Our regularly updated blog discusses the weather prospects for the major winter sports regions. Like incomprehensible jargon and meteorological babble? Then you've come to the wrong place!
Blowtorch air mass in the AlpsPosted Tue, 26 Jan 2016 09:27:42
The wintry spell of weather in the Alps which developed early in January has ended and conditions are now very mild. In the coming days it will often be very much like spring high pressure sits over the region.
Today the forecast freezing level is heading up to 3000m in much of the Alps and in many resorts that’s above the highest slopes. It’s not all bad news due to low dewpoints helping preserve the snow during the days and freezing conditions quickly returning once the sun goes down. Nonetheless, it’s not ideal for the longer term prospects and with high season rapidly approaching things could deteriorate without new snow.
Is more snow on the way?
On IcyBlasts you can quickly check the resort and probability forecasts to get an idea of the weather prospects. However, if you want to see the regional view at a glance the brand new 5 and 10 day forecast snow accumulation charts are a fantastic tool. These are generated by taking the amount of precipitable water the GFS computer model is forecasting and then checking to see whether this is expected to be snow or rain. If it’s snow a 10:1 ratio is applied to give an approximation of accumulations, so 1mm of rain is considered equivalent to 1cm of snow.
Check the latest 5 and 10 day forecast snow accumulation charts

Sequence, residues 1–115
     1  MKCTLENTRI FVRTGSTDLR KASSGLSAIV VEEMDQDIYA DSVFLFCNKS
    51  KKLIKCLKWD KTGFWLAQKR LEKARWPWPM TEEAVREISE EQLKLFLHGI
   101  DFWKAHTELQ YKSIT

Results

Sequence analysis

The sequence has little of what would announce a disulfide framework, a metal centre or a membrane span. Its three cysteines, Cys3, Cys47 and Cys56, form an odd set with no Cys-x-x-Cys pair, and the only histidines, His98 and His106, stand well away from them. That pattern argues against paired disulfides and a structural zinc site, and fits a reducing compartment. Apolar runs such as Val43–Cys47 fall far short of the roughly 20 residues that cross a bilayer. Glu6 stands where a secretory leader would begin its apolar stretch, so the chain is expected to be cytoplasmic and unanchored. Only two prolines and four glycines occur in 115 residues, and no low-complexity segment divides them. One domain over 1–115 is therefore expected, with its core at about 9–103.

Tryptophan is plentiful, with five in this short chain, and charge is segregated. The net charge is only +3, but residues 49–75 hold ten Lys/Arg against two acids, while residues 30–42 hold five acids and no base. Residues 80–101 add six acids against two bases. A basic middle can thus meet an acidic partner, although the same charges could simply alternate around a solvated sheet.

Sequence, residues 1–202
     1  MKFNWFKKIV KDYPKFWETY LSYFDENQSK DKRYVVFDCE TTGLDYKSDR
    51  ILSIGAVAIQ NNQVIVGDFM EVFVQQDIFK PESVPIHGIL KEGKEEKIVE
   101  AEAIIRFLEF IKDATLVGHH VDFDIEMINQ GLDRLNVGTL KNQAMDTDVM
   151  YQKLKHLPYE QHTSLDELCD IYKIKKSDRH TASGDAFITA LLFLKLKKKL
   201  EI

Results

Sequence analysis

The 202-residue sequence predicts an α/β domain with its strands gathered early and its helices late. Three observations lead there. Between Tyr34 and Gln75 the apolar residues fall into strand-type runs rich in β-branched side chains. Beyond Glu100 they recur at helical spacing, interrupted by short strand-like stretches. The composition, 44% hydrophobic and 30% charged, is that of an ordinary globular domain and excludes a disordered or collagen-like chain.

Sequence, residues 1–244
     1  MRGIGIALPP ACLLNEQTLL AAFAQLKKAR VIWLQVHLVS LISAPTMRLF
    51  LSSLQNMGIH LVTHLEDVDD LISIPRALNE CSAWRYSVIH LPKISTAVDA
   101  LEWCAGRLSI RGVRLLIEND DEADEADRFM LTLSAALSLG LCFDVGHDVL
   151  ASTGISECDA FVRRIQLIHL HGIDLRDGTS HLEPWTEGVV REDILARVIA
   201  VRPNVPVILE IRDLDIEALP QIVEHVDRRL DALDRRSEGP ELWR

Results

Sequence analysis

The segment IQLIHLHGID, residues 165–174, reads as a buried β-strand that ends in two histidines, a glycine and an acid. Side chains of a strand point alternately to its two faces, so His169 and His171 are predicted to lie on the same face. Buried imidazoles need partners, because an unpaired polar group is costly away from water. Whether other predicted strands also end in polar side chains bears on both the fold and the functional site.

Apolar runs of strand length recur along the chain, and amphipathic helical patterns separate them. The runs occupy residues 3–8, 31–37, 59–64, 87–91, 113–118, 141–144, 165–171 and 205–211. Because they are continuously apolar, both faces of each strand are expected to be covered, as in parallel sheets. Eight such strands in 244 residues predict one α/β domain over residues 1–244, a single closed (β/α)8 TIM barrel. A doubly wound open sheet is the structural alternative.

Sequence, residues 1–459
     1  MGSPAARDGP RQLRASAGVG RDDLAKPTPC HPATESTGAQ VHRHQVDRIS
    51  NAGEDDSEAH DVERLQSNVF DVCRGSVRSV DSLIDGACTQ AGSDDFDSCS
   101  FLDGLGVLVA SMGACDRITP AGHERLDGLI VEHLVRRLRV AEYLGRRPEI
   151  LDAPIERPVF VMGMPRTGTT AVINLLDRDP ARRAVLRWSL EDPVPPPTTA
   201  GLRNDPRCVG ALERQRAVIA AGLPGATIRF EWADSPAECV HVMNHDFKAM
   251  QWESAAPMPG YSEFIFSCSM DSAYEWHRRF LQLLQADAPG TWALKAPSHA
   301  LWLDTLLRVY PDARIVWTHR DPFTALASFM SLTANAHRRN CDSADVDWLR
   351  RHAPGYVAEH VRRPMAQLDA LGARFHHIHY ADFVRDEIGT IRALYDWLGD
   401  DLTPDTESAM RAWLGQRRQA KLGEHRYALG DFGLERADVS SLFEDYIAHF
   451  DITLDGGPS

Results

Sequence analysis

This morning’s GFS0z run shows very little snow in the next 5 days, although a disturbance on Thursday and Friday may bring a spell of wet weather to the northern Alps. The 5 day forecast snow accumulation chart below from this morning’s GFS0z computer model run shows localised accumulations of 10cm in the northern alps resulting from that disturbance but very little elsewhere.
Check the individual GFS time step snow forecast charts
At the moment next week looks mild and mostly dry. Pressure probably remains high across Europe and this is arguably a typical pattern in an El Nino winter. Forecast details will change at this range but as a possible guide here’s a chart showing freezing levels for 15:00GMT, Monday 1st February. Across much of western Europe and the Alps they are off the scale which goes up to 3200m!
Recent weeks have brought a lot of snow and much improved winter sports conditions to the Alps. However, mild air has returned and it looks set to remain for a while. There is a chance of some rain and snow this week in the northern Alps but the outlook is generally dry. It could be the best conditions will be reserved for late in the season with an increasing chance of pressure falling over Europe and colder pockets of air bringing more typically wintry weather. This would tie in quite well with an El Nino winter pattern.
Posted Mon, 26 Jan 2016 09:25
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